The Vanilla Company strive to provide the best service and prices possible with regards to customer satisfaction, fine quality vanillas & vanilla excellence.


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 Do all beans have the same flavor?

No. There are varying factors that affect the flavor of a vanilla bean. The first depends on the species, Planifolia (Bourbon) or Tahitensis (Tahitian). The second is the country of origin of the vanilla, and even the specific terroir or altitude where it's grown. The third is the maturity and ripeness of the beans when picked. The fourth is how the beans are cured. For pure vanilla extract, the extraction method used will also influence the final flavor profile. Just like afine wine, vanilla also has its unique flavor profile.

We often find that combinations of Bourbon & Tahitian beans or pure extracts create optimum vanilla flavor!

We in The Vanilla Company sell beans from our own organically controlled plantations in Papua New Guinea, Indonesia, the island of Madagascar and French Polynesia which we believe to be the best in the world! We offer two (2) of the most coveted & in high-demand vanilla varieties worldwide, the Bourbon Vanilla & the Tahitian Vanilla, so that you –our valued customer– could have the best of both worlds!


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 Are there different types of vanilla?

Among several species of the vanilla orchid, there are only two edible fruit-bearing kinds: The Vanilla Planifolia (Bourbon) and Vanilla Tahitensis (Tahitian). The aroma and flavor between the two are completely different and they may be used for different purposes.

Bourbon vanillas have the familiar vanillin flavor that we associate with vanilla ice cream and other vanilla flavored desserts and beverages. They are rich in natural vanillin & smooth, rich & mellow flavor accented with a long sweet, vanilla-aroma finish. Use Bourbon vanilla in baked goods, ice cream and anything where a traditional vanilla flavor is desired. In the 1800s, the French developed large plantations on Reunion Island, known at the time as the Isle de Bourbon, hence the name Bourbon. Although Bourbon vanilla extract contains alcohol, it is not made from Bourbon whiskey.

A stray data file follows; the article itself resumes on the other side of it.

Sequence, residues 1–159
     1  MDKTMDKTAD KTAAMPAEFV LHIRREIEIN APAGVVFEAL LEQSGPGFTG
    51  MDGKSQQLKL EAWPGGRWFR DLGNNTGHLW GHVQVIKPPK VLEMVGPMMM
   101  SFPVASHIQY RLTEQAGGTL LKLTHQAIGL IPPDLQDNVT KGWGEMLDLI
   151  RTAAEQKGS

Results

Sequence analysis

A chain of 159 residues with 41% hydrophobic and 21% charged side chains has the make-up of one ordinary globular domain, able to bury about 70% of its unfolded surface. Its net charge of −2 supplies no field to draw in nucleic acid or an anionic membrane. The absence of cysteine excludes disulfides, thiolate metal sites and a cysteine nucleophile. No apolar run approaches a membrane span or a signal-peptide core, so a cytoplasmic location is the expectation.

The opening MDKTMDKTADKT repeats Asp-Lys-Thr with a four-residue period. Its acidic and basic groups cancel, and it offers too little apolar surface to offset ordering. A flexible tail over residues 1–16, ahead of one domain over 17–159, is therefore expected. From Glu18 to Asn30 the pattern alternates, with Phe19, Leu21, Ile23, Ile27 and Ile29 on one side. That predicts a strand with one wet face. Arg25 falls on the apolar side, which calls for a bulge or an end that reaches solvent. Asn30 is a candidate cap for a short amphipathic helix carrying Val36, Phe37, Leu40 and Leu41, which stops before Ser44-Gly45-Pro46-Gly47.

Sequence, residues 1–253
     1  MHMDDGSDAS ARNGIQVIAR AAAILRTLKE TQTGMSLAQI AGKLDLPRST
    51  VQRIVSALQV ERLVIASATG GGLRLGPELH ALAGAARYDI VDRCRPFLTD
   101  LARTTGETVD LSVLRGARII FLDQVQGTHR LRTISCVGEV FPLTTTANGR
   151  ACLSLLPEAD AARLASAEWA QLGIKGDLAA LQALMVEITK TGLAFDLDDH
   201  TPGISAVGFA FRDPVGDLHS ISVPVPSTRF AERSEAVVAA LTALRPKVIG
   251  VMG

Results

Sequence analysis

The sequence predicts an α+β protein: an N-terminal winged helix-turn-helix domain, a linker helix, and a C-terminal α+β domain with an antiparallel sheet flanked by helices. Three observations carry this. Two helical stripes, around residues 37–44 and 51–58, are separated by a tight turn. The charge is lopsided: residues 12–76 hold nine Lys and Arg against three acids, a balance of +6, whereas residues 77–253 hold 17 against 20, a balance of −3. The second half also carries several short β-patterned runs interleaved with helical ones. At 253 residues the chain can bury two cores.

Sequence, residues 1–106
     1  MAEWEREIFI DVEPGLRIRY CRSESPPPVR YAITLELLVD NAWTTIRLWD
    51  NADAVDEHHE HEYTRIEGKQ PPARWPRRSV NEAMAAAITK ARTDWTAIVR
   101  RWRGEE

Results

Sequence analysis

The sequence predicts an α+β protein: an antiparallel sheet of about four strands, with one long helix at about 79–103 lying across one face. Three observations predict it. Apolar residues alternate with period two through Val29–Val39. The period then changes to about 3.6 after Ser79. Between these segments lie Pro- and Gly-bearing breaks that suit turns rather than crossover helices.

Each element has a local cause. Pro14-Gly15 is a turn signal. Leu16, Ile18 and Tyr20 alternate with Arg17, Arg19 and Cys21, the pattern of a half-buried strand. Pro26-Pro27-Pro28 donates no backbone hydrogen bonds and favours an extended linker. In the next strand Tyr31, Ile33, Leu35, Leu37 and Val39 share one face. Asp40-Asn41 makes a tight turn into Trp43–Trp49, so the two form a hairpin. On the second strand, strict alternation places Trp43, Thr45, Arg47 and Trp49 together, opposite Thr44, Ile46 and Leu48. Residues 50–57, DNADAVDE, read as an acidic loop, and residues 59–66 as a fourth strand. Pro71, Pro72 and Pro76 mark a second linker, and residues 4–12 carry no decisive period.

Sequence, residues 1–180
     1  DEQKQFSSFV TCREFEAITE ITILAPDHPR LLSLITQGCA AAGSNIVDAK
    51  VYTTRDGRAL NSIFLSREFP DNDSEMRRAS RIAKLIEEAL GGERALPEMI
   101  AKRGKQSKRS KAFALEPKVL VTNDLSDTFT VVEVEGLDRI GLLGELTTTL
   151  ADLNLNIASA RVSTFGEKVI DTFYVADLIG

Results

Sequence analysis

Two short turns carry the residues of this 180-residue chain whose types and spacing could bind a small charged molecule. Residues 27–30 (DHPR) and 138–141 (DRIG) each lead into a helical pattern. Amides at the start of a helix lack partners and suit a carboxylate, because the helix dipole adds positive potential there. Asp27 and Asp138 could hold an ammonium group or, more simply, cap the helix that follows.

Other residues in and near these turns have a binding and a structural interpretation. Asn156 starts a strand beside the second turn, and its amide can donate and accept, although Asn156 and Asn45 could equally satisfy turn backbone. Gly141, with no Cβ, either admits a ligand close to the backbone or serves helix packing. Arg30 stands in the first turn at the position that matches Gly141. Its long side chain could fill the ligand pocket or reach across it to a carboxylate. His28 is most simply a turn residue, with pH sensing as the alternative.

Tahitian beans provide a stronger aroma & instant vanilla flavor burst - they are flowery, fruity, anisic & bold with a smooth flavor. The texture of its caviar is very interesting; it is extremely gooey, stringy and moist but at the same time does not stick well to other clumps of caviar.

The Vanilla Company offers both Bourbon & Tahitian varieties. Available in leading delis nationwide and for immediate/regular delivery to our commercial customers.


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 What is vanilla “caviar”?

“Caviar” is what gourmands call the thousands of tiny black vanilla seeds inside the vanilla bean or pod. 


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 Are Bourbon beans from Bourbon Island and Tahitian beans from Tahiti?

They may, but ‘Bourbon’ and ‘Tahitian’ are the generic or common names of the species with the biological names: Vanilla Planifolia and Vanilla Tahitensis. These species are grown in many countries around the world and both species are grown in Papua New Guinea - where we grow our Gourmet Line of beans, the Island of Madagascar off the coast of Africa - where we grow our Silver Label Madagascar beans, and in the terroirs of Tahiti where we grow our Gold Label Tahitian beans.

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 Do Bourbon beans contain alcohol?

No, this is a common misconception that confuses Bourbon vanilla with Bourbon Whiskey brewed from corn in Kentucky, USA. In the case of vanilla, the term ‘Bourbon’ relates to Reunion Island in the Indian Ocean where vanilla was developed in the 1800’s. Bourbon was the name of the French family that ruled Reunion Island at this time. Although there is no alcohol in a Bourbon Vanilla Bean there may certainly be an alcohol content in some vanilla extracts.


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 Why are the Gold Label Tahitian beans more expensive?

Our Gold Label 100% Tahitian vanilla beans are only grown organically in the red earth of French Polynesia, these are the finest vanilla money could buy. These beans are individually calibrated from tons of Tahitian vanilla beans and only the longest and plumpest were selected. The curing process is also very important to bringing out the best flavor and aroma from the beans.

Truly out-of-this-world, the quality of our Gold Label 100% Tahitian vanilla beans speak for itself. Our plantations have won several competitions in Tahiti and in France. These are exactly the same beans, from the very vine, used by most three-star Michelin chefs the world over!

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 What are the different lengths of vanilla beans and which are better?

Vanilla Beans generally grow from 5” (12,5cm) to over 8” (20cm). Longer beans have a larger percentage of ‘caviar’ inside the pod, but beans of any length can be of equal quality depending on the type of vanilla bean, curing process and its soil of origin.

We in The Vanilla Company sell beans from our own organically controlled plantations in Papua New Guinea, the island of Madagascar and French Polynesia which we believe are the best in the world!

All our vanilla beans are available for immediate & regular delivery. Be it for personal use or commercial/bulk quantities.


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 How does the moisture content or color affect the quality of a bean?